Review: They Drink It In The Congo @ the Almeida Theatre
August 25, 2016
Leave your guilt at home. There’s enough of it to go around, as we are briefly reminded by one of the players at lights up. A reminder of our own contribution to the stolen lives and wealth of those in the Democratic Republic of the Congo. “Not mine!” you might say. But the proof is in our belongings: our phones, tablets, electronics – all products of the Congolese harvest.
In Adam Brace’s truly pressing, present, and current play, we hear a cry for help. Not from the hushed voices of the victims of the political unrest in the DRC, but from Stef, a British woman wanting to do good and remedy the pain she saw there. She plans a festival to raise awareness and unite the London Congolese, providing a platform so tell people what she knows. But before long is forced to come to terms with the scale of the problem, and the fact that she contribute little to its resolution. She will not heal the people’s wound as she had thought, hoped, needed – not with just a plaster.
Her burden is an ever-present one, represented by Oudry (brilliantly performed by Sule Rimi), Stef’s accompaniment throughout the play, a ‘note-to-self’ of why she’s organising the event. He is the person – the people – she couldn’t help. Her supporters have many individual stories, and the tales of the Congolese diaspora have their own unique importance. Some characters are victims, some are doing what they can to send money home. But leaving the DRC has not meant leaving its problems. The unrest follows them – ‘Les combattants’ – whom we meet during proceedings. Fearsome political activists. Not villains. They are people wanting change, just like Stef.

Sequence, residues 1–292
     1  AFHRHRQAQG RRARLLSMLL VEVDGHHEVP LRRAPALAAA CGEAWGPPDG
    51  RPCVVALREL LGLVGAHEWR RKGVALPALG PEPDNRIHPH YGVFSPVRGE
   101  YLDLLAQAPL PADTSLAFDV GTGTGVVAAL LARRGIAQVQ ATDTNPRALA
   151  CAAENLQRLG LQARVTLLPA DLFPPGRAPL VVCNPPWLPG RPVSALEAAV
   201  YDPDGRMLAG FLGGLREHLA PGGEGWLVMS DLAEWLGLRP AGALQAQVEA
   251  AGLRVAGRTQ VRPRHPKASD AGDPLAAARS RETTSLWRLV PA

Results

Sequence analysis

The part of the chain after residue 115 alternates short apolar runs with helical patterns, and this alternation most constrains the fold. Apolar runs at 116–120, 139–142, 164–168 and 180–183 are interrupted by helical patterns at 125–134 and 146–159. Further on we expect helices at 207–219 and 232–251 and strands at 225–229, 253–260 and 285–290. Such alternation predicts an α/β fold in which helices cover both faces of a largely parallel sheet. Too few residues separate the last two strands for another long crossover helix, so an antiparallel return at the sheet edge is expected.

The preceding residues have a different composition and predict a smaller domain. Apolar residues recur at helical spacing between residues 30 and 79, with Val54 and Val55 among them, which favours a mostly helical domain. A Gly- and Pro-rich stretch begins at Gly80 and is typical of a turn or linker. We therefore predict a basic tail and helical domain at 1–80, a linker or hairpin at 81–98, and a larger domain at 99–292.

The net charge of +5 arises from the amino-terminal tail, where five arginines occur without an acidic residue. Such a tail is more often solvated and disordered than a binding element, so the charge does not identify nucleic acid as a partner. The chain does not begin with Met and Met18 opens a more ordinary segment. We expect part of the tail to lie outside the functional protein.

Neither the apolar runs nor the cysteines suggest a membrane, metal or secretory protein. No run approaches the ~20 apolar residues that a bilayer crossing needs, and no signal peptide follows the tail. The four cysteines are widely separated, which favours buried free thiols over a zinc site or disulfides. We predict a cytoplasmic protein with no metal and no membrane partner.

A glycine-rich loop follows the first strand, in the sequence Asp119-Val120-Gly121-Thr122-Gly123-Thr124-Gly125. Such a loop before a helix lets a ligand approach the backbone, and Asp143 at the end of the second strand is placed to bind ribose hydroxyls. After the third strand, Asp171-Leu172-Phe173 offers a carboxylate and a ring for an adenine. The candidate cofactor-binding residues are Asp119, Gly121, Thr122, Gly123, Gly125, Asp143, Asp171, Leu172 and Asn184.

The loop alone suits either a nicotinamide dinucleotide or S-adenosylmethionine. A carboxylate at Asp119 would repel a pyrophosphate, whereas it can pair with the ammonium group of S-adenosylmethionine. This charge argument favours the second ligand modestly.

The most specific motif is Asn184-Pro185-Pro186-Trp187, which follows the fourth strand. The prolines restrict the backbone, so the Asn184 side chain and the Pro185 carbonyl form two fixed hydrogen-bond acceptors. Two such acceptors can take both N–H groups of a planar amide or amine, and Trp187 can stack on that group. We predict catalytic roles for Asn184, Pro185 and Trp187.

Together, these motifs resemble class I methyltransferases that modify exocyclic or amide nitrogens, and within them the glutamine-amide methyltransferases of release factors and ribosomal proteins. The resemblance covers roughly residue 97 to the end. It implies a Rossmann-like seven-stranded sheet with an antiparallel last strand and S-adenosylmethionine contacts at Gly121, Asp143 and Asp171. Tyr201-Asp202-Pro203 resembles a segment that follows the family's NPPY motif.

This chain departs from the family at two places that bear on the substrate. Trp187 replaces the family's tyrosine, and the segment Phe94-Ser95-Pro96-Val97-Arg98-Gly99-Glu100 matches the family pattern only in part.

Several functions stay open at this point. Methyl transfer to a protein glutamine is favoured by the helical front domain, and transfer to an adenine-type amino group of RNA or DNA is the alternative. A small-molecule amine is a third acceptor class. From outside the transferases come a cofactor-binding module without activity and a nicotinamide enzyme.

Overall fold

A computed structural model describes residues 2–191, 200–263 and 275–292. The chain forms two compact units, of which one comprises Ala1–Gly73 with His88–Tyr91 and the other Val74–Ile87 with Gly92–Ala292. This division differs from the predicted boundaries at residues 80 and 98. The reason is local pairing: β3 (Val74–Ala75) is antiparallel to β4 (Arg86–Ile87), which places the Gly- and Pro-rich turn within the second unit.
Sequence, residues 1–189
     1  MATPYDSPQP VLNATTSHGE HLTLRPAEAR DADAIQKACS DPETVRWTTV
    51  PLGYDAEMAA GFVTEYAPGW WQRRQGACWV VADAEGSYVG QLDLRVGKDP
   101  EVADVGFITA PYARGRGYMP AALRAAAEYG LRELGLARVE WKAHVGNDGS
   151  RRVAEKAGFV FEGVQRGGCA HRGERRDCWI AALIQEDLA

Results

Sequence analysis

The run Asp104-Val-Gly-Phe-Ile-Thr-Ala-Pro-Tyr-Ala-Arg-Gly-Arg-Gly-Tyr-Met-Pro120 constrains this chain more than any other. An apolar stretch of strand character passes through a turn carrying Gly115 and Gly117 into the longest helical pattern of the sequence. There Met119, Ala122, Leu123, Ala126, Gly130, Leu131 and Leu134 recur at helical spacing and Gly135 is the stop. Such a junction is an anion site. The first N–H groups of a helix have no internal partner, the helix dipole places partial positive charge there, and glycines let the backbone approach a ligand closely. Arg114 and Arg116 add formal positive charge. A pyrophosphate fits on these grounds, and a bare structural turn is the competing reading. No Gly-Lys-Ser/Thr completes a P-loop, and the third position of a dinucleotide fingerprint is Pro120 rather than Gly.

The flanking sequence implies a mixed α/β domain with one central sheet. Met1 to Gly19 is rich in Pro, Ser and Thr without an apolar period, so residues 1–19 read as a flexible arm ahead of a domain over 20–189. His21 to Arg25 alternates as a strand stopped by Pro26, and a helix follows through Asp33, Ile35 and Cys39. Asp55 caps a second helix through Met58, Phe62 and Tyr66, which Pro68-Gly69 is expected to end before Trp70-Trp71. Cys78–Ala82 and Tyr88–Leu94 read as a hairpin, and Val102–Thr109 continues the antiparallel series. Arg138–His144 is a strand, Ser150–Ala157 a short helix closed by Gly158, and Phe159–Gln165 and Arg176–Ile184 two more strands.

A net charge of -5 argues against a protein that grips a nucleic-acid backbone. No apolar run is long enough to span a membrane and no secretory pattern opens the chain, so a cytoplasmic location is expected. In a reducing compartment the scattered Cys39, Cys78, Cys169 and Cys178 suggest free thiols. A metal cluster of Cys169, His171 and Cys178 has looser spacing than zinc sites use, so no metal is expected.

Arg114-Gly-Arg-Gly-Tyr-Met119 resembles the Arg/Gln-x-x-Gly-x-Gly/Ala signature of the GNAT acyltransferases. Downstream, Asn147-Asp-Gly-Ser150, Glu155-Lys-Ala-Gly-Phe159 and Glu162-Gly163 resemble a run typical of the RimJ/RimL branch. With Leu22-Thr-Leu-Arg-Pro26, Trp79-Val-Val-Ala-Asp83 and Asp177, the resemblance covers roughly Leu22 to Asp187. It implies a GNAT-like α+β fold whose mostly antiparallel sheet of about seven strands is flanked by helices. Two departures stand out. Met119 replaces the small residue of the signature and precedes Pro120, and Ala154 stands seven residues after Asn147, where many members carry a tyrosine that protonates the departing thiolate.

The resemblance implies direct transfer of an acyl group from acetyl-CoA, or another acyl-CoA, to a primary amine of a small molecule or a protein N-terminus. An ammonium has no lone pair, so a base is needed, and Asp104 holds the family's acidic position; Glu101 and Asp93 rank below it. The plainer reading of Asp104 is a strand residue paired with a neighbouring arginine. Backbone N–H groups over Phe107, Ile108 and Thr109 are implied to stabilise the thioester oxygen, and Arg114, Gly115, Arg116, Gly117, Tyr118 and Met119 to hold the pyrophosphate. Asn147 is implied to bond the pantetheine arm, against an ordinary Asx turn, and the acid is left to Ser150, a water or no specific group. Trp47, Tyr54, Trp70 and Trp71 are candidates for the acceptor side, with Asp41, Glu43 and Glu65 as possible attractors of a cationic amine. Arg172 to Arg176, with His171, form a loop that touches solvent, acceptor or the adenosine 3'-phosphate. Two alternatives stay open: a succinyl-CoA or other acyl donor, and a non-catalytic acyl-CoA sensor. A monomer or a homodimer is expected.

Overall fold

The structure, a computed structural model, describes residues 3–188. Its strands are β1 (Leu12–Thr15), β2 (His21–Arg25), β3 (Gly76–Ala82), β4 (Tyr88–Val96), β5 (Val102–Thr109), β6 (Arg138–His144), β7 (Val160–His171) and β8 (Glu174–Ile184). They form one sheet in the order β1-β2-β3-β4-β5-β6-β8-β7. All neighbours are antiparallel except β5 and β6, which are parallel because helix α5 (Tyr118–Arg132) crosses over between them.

Brace makes sure to school us on the facts, too: the money, the colonisation, the history, the resources. Among those resources is Coltan, a metallic ore mined in the DRC and the source of much conflict, and the subject is expanded on in the play’s programme, an accompanying textbook for the night.
Whilst I use my device to search for that juice drink advert from which the play’s title takes inspiration, I cannot help but feel insignificant. What can I actually do to make a difference, to change things? I don’t know. It wouldn’t be hard to ignore Stef’s festival, but it is hard to forget the gaping hole left by a mine, a physical reminder of a quest for minerals, the country’s wound.
They Drink It In The Congo was a feat to observe, or perhaps a pleasure to watch, but this way of viewing the work feels a touch too ‘us and them’. The settings felt familiar yet fresh, inviting and uncomfortable. The stage was a vehicle, connecting the two worlds of the DRC and the UK magnificently, forcing us to adopt a new perspective instead of just ignoring the problem, as we could readily ignore a festival like Stef’s.
The action was vibrant and on its toes, alive. I was in amongst it. At a safe distance, though. Should I feel guilty for wanting to stay at arm’s length? Again, the same question: what can we do to make things better? We must start somewhere, mustn’t we? A plaster can’t hurt…